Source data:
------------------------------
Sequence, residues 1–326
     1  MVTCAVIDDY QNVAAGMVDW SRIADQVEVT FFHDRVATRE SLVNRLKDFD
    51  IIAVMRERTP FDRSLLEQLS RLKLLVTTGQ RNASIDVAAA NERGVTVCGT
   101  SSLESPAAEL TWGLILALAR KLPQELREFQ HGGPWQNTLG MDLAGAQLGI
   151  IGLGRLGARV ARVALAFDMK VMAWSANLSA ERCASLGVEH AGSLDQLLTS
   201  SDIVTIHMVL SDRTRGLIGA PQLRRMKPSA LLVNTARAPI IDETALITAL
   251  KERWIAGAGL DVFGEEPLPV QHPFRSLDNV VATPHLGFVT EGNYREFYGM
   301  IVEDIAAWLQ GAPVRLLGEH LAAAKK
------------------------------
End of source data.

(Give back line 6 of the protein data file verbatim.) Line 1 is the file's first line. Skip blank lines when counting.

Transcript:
   201  SDIVTIHMVL SDRTRGLIGA PQLRRMKPSA LLVNTARAPI IDETALITAL